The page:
Archive for Artemis Rising 3

PodCastle 463: A Dozen by Dunsany

Show Notes

Rated PG


A Dozen by Dunsany

by Lord Dunsany

read by Wilson Fowlie, Setsu Uzume, Graeme Dunlop, Eric Luke, Matt Dovey, Aidan Doyle, Khaalidah Muhammad-Ali, Cheyenne Wright, Tina Connolly, Steve Anderson, Jen Albert, Amal el-Mohtar.

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PodCastle 462, ARTEMIS RISING: Stay


Stay

by K.C. Ball

An almost-bass voice said something I didn’t catch. Higher voices giggled, then five kids moved out of the shadows into the hard light of the parking lot.

Two boys, three girls; none a day beyond eighteen. Bumping against each other. Laughing for no reason. At ease and full of life, the way kids are when they believe adults can’t see or hear them.

 

PodCastle 461, ARTEMIS RISING: Fated Ink


Fated Ink

by Siobhan Gallegher

The front door goes ding-a-ling and in walks a young woman, with bouncing blonde curls, bright blue eyes, blemish-free skin. The picture of perfection, some would say.

But I know better. I’ve seen girls like her, and I’ll see a million more, all optimistic hope-filled bags of flesh. Then they come to me and that changes everything.

The young woman points to the sign in the window, says something about wanting a tattoo above the crack of her little ass. Charming.

PodCastle 460, ARTEMIS RISING: The Settlement


The Settlement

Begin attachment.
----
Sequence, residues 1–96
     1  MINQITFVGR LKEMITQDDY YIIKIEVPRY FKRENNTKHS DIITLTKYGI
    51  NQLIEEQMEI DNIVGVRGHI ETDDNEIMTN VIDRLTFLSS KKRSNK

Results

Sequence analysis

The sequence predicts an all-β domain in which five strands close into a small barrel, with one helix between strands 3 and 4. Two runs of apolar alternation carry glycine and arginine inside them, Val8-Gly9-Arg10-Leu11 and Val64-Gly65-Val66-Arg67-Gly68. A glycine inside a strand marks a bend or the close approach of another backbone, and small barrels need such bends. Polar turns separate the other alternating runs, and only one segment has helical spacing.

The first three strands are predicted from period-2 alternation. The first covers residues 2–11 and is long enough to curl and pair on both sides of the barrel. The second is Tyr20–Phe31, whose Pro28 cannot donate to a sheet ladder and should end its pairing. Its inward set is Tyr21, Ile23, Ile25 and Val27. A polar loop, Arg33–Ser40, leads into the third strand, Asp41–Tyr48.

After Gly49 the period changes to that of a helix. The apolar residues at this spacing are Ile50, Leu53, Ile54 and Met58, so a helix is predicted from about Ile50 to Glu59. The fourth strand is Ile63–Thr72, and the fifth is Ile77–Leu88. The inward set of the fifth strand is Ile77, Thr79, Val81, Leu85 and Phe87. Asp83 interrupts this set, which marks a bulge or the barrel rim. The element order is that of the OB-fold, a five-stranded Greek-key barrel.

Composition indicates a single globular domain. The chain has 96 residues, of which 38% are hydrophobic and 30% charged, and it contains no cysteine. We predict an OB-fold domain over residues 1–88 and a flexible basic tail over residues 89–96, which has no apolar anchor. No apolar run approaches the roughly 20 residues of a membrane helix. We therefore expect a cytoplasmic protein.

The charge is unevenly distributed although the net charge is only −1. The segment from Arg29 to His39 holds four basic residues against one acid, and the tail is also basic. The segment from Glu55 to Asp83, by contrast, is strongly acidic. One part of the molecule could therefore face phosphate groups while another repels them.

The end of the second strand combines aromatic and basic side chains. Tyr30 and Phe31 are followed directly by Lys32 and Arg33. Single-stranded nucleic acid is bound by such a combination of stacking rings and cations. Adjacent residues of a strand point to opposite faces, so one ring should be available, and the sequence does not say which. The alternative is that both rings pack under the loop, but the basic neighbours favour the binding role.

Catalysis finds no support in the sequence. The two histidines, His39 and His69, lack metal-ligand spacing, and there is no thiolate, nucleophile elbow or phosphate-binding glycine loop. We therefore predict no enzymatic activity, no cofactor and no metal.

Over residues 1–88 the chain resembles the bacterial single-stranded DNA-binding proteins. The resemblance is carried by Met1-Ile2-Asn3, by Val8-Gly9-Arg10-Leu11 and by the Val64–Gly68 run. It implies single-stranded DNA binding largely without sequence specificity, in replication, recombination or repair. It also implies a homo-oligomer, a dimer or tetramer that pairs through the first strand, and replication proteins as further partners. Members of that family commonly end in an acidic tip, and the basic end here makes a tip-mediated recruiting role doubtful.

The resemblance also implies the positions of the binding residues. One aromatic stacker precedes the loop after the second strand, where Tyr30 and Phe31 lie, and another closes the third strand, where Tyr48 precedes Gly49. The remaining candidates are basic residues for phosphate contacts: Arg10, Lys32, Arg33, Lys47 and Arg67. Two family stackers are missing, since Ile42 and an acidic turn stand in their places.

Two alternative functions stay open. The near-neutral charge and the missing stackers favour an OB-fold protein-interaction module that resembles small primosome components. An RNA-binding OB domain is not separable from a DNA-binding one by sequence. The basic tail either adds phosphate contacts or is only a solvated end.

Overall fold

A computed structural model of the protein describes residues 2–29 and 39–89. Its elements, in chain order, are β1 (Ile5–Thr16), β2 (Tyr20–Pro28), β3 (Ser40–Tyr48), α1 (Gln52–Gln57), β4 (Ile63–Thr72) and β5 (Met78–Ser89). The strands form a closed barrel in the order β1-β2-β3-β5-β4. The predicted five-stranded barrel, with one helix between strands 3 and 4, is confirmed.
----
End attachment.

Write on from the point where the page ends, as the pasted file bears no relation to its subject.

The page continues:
by Wendi Dunlap

They file out into the predawn chill before the rest of the settlement is awake. Cloaked by a thick fog and the still darkness of a waning night, they carry shovels and picks. Despite the high collars and low hats that conceal their faces, their attempts at anonymity are wasted. I recognize them instantly through the frost of the kitchen window, their layers of clothing stitched by my own hand or those of my brethren.

I see you Reverend John Able, Matthias Smith, Thomas Gore, William Roe and Matthew Surgeon. And God sees you too.

They are silent in their duties, barely even looking at one another. Their breath visible in heavy puffs that quickly condense into white frost, as they pound the hard, frozen earth. They dig deeper, until the ground cracks, and still farther until they hit bone. It is hard work and it takes an hour before the first body is pulled up.

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